Practical Practice Management

Sylver Blaque

Elke Teaches

An Angry Young Poet

Each year, I spend time on poetry with the students. Two years ago, a student asked if I wrote poetry in junior high school and I was able to say, “Yes!”. He asked me to share with them. I found them in a small lock box I keep at home and shared several with the class.

I mentioned in Culture of Peace Sam Intrator. He suggested teachers expose adolescent students complex, existential questions of life as they move through those formative years. I wrote my poems in about 1969. It was a time when identity was increasingly rooted in the global nature of the world, not just immediate community and family. War, even in Canada, entered our homes via television. I found voice in poetry and expressed an abhorrence to institutional and government approved murder. What set me apart from my peers, was I took no sides. Each was equally wrong in my mind. Mr. McKenzie, an innovative English teacher, encouraged that in us-find our voices.

I shared the following poem with my students. I concede it is not exactly the original, as it was pretty angry. I hope the original message is still there. Students asked for more poems and I complied. These past few months I rediscovered my poet’s voice. It is a gentler voice, I hope.

Win or Lose: What Difference Does it Make?

 One game

If it is one

No fun to lose

No great thing to win.

War!

Hollow

Men, women, children gone

In no time

Woe! The vanquished losers;

No winner

Each, vanquished in every sense.

Divided

In ruins

Rebuilding

On countless graves

Rudderless.

Without pride

Beggaring citizens

Values of others

Resenting conquerors

What does war bring?

No jobs

No hospitals

No schools

No homes, but the streets

Destruction everywhere.

What does war bring?

Death of innocence

Loss even in victory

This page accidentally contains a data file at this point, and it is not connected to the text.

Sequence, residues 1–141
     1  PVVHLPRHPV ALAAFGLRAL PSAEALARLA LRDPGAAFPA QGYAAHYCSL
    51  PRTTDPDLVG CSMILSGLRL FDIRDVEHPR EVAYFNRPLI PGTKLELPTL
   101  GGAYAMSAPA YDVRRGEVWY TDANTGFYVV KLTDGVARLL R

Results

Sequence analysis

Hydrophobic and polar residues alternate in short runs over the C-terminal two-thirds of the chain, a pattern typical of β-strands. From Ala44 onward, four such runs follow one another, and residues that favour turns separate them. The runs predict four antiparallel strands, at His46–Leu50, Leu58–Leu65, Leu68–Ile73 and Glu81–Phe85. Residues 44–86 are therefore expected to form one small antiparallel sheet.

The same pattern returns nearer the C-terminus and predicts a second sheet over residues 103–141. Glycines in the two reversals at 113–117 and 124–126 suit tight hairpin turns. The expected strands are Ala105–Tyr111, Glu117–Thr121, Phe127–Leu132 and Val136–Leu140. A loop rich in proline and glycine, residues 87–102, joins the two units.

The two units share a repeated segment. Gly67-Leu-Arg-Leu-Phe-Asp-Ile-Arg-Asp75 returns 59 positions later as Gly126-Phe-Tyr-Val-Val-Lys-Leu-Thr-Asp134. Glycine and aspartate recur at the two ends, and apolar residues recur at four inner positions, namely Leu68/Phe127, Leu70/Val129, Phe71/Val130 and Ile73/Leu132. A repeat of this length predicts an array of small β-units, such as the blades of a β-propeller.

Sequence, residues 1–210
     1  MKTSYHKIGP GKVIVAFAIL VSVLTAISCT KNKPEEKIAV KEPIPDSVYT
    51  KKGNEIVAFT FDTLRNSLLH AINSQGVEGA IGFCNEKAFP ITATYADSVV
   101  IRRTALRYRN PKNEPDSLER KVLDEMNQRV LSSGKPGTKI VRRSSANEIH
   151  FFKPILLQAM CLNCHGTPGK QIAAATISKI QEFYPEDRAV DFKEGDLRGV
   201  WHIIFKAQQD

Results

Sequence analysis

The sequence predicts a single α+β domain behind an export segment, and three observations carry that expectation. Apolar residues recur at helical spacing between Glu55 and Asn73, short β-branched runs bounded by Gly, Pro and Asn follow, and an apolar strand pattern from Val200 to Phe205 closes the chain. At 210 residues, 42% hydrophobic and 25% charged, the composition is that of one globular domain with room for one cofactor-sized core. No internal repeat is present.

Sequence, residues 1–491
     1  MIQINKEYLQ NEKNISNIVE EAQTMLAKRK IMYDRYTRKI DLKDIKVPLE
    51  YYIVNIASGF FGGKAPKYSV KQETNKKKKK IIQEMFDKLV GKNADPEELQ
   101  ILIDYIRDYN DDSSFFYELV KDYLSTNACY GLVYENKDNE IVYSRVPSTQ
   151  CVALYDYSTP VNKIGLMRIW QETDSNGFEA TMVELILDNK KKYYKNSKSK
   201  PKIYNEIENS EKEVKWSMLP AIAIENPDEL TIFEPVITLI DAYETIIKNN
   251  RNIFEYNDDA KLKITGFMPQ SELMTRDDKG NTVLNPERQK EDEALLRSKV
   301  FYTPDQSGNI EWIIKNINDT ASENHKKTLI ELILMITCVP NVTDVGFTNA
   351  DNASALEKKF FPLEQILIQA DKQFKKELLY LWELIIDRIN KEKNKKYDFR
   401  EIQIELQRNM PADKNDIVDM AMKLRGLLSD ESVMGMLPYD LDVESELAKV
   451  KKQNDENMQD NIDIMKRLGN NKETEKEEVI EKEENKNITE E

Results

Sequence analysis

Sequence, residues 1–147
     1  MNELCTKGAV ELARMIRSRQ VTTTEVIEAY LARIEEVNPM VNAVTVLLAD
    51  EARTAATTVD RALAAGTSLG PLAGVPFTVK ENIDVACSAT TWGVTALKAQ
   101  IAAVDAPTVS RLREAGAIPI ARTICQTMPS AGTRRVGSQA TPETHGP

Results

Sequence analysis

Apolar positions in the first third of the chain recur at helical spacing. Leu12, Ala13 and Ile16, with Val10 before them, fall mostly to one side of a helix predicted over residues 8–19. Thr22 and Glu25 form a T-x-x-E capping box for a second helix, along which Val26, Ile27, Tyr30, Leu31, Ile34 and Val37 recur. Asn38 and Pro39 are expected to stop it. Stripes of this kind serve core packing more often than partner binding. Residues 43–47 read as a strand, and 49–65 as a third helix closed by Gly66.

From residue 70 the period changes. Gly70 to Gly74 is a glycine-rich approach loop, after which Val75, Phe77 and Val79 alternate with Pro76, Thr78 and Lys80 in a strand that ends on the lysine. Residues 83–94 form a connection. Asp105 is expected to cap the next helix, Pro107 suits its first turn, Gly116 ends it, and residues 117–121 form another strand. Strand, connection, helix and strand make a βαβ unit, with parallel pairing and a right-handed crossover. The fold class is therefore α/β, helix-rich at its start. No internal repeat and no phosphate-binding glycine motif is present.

Comrades fallen

But see an enemy vanquished.

Killing

Proving nothing

What fools

Going on forever

Will we learn?

We must

I pray

For human survival.

Take care and have a great 20th of July, 2012.

Reading and Blogging

I love to read a good book. I feel I have conversation with the author. As Carl Sagan suggested, I hear the voice of the author. It is the same with blogs. Each time I read a blog, look at its pictures, or both, I feel I am listening to the person share something special about their life with me and the world. Blogs break both the shackles of time and space.

I am grateful.

One glance at a book and you hear the voice of another person -perhaps someone dead for thousands of years. Across the millenia, the author is speaking, clearly and silently, inside your head, directly to you. Writing is perhaps the greatest of human inventions, binding together people, citizens of distant epochs, who never knew one another. Books break the shackles of time.

~Carl Sagan

Words from the Wise

This arrived today. It definitely was not how a felt yesterday or when I first got up this morning. Sometimes our childhood heroes say it best and, as adults, we need to listen with a beginner’s mind.

And today I am off to see the Wizard, the wonderful Wizard of Oz.